During Msgr. Lawrence A. Frederick's 44 years of priesthood, he has celebrated many Masses and served as a chaplain, campus minister and associate pastor. But to many alumni of Catholic High School for Boys in Little Rock, he will always be their teacher, "Father Fred."
Years ago, some seniors at the school decided "Father Frederick" was too long and shortened it to "Father Fred." The name stuck, and he has been "Father Fred" to Catholic High students ever since.
"It didn't bother me one bit," he said.
Born in North Little Rock, Msgr. Frederick was the oldest of three boys. He attended St. Patrick School and then "the old Catholic High School" on State Street, where he graduated in 1955.
After graduation, he enrolled in St. Louis University, where he received a bachelor's degree in aeronautical engineering. At this time he also worked for McDonnell Aircraft, which built the first human-controlled spacecraft for NASA's Project Mercury.
This work experience is a popular topic of discussion among his students, who sometimes think he worked for NASA.
"That idea came from the fact I worked for McDonnell Douglas (then McDonnell Aircraft) in St. Louis. I spent a lot of time on Mercury (the first craft in space)," he said.
At this time, in late 1959, he began thinking "maybe there was something else God wanted me to do," he said.
He decided to enter the seminary, and he returned to Little Rock to do it.
"This was my home. If I was being called to serve, I wanted to serve in my home diocese," he said.
Msgr. Frederick, 73, said his students often ask what led him to make this decision and can be disappointed when he tells them there was no one thing.
"I spent a lot of time in prayer," he said. "I tried it, and I never went back."
Msgr. Frederick was one of five priests ordained for the Diocese of Little Rock in May 1966.
Msgr. James E. Mancini, pastor of St. Bernard of Clairvaux Church in Bella Vista and another member of this group, remembers his classmate "Larry" as hard-working and very devout.
"He was a good example for us," Msgr. Mancini said. "He was a bit more mature since he had already been through college."
While Msgr. Frederick was in the seminary, he earned a master's degree in mathematics from the University of Arkansas at Fayetteville. His math and science background was unusual for a priest, and the bishop wanted him to put it to use immediately.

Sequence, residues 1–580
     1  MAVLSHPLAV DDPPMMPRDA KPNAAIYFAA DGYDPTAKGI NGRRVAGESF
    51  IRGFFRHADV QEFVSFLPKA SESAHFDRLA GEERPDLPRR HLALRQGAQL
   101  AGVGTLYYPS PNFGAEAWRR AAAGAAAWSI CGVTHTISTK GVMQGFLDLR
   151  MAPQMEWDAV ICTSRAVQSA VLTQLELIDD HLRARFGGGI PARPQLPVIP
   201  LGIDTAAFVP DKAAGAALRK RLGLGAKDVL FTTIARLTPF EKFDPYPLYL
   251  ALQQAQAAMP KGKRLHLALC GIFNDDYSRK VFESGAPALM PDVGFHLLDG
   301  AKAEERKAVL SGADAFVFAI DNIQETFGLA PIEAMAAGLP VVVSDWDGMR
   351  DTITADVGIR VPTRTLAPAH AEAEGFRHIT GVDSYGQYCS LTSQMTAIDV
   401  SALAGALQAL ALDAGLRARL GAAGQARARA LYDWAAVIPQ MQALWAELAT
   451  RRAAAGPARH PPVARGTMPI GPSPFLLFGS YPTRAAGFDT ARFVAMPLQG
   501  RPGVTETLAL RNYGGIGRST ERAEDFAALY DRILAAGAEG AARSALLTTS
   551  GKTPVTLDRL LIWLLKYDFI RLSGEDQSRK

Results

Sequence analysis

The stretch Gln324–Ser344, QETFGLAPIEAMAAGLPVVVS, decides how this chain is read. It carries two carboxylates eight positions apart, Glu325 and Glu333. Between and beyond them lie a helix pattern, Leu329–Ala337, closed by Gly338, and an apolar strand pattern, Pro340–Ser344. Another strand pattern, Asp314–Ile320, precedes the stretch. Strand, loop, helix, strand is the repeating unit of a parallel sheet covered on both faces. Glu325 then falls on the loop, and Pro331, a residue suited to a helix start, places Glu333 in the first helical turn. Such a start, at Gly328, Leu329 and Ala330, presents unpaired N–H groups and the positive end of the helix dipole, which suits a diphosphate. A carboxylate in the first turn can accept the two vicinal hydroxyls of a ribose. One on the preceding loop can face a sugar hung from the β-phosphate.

"Usually the seminaries prefer you to have a liberal arts degree," Msgr. Frederick said. "Bishop Fletcher said, 'You are going to teach.' They needed math teachers at that time."
His first assignment was teaching at Catholic High School, and he has continued to teach at Catholic High ever since, with the exception of two years. In 1988 Bishop Andrew J. McDonald assigned him to be the campus minister at the University of Arkansas at Fayetteville. He brought him back to Catholic High School in 1990.
Two years later, Bishop McDonald assigned him to serve as chaplain at Mount St. Mary Academy in Little Rock.
"Several priests have done both (schools), but never before have any taught at both schools at the same time," Msgr. Frederick said. "My life is not a typical parish priest life at all."
During his teaching career, he has taught "the whole realm" of math (algebra, trigonometry, precalculus), science (physical science, earth science, physics) and religion. But his favorite course to teach is physics "since I was an engineer," he said.
For some the relationship between science and religion is troubling, but not for Msgr. Frederick.
"The more I learn about science, the more I think this world is not something that happened by accident," he said. "The more I learn about science, the more I see God."
In addition to his current rector and chaplain duties, he teaches religion and physics at Catholic High School and physics at Mount St. Mary.
Although he said his teaching is basically the same at the two schools, he does tailor his approach -- a little more analytical with the boys, and more intuitive with the girls.
"Basically it's still teaching teenagers," he said.
He also serves as the chaplain for the Carmel of St. Teresa of Jesus in Little Rock, where he celebrates Mass every day.
"Some days I say three Masses -- one there, one at Catholic High, and one at the Mount," he said.
His weekends are busy too, as he is often asked to celebrate weddings for former students. "And after the weddings come the baptisms," he said.
"Administering the sacraments is the greatest joy of the priesthood," Msgr. Frederick said. The hardest part is time -- "trying to keep up with everything."
When asked about his plans for the future, he said, "Only God and the bishop know that. As long as I'm able, I'd like to teach. But when I can't, I'll retire. I don't plan to make any changes unless the bishop tells me."
Please read our Comments Policy before posting.Article comments powered by Disqus